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Glycobiology. 2015 Jan;25(1):124-32. doi: 10.1093/glycob/cwu097. Epub 2014 Sep 16.

N-linked glycans on influenza A H3N2 hemagglutinin constrain binding of host antibodies, but shielding is limited.

Author information

1
Department of Biological Sciences and Institute of Structural and Molecular Biology, Birkbeck, University of London, Malet Street, London WC1E 7HX, UK.
2
Department of Biological Sciences and Institute of Structural and Molecular Biology, Birkbeck, University of London, Malet Street, London WC1E 7HX, UK a.shepherd@mail.cryst.bbk.ac.uk.

Abstract

The extent of the role of N-linked glycans (N-glycans) in shielding influenza A hemagglutinin (HA) against host antibodies has proved controversial, with different authors making widely different assumptions. One common assumption is that N-glycans physically shield surface residues that are near to glycosylation sites, thereby preventing antibodies from binding to them. However, it is unclear, from existing experimental evidence, whether antibodies that bind close to N-glycans are a rare or commonplace feature of human herd immune responses to influenza AHA. The aim of this paper is to present a computational analysis of mutations in the vicinity of N-glycans that will facilitate a better understanding of their protective role. We identify, from an analysis of over 6000 influenza A H3N2 sequences, a set of residues adjacent to N-glycosylation sites that are highly likely to be involved in antigenic escape from host antibodies. Fifteen of these residues occur within 10 Å of an N-glycosylation site. Hence, we conclude that it is relatively common for antibodies to bind in close proximity to N-glycans on the surface ofHA, with any shielding effect largely attributable to the inability of host antibodies to bind across an N-glycan attachment site, rather than to the physical masking of neighboring residues.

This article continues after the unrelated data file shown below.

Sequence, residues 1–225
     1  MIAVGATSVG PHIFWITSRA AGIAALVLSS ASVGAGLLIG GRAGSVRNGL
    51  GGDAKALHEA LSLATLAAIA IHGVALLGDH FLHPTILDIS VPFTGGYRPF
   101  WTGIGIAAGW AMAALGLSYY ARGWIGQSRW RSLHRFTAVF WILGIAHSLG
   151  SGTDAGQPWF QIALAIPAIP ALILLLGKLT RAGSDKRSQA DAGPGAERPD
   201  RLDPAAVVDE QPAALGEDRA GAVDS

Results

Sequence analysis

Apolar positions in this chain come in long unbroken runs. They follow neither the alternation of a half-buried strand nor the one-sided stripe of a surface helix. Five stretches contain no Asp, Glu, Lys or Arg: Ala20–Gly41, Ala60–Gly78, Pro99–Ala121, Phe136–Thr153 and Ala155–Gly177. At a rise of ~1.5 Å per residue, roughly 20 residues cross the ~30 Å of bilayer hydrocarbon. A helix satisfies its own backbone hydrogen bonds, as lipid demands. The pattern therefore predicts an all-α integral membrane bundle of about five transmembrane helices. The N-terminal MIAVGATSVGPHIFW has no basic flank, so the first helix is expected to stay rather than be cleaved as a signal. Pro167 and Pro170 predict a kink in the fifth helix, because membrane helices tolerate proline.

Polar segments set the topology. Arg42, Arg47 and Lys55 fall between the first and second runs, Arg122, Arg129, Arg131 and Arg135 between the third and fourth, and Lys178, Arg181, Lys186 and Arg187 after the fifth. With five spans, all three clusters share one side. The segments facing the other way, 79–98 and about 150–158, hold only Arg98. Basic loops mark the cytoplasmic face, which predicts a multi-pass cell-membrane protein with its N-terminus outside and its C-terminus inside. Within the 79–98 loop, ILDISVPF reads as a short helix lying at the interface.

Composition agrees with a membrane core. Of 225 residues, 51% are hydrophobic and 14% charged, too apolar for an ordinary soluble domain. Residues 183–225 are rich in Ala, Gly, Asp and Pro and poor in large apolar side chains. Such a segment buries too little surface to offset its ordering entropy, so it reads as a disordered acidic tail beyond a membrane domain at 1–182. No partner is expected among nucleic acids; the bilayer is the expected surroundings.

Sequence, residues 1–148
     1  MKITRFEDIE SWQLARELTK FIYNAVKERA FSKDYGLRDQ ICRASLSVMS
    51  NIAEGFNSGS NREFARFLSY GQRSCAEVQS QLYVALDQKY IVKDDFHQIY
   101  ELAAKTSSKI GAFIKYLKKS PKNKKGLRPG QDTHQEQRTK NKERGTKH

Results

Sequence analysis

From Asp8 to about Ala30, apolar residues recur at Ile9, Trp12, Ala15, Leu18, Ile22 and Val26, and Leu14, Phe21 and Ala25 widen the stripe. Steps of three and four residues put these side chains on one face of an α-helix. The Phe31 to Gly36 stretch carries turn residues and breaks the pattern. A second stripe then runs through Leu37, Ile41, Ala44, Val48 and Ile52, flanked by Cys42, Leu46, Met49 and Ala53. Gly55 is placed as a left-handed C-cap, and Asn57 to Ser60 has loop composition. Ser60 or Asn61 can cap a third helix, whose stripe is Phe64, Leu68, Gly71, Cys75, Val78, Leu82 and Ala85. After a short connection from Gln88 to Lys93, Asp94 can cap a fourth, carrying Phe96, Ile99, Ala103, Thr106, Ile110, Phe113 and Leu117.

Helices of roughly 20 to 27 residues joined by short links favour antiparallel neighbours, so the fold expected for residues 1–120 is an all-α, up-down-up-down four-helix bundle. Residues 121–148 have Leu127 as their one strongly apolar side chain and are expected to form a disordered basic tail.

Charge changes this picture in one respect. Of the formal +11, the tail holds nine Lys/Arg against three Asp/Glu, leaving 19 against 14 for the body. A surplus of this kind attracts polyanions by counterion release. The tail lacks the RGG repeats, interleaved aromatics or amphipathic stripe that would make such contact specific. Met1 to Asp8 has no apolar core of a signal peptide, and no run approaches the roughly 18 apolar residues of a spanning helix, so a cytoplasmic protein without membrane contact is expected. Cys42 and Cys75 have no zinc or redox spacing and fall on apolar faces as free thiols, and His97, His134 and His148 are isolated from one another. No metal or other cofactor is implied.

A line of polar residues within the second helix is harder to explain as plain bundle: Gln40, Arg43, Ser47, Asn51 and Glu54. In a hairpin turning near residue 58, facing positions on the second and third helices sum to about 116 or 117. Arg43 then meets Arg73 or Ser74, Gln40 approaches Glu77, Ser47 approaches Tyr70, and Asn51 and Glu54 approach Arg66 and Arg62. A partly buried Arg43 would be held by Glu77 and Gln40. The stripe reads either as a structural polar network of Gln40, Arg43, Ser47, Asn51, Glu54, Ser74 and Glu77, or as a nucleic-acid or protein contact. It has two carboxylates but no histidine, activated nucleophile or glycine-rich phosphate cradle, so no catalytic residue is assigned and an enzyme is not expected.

KEYWORDS:

N-glycans; bioinformatics; hemagglutinin; influenza A

PMID:
25227423
DOI:
10.1093/glycob/cwu097
[Indexed for MEDLINE]

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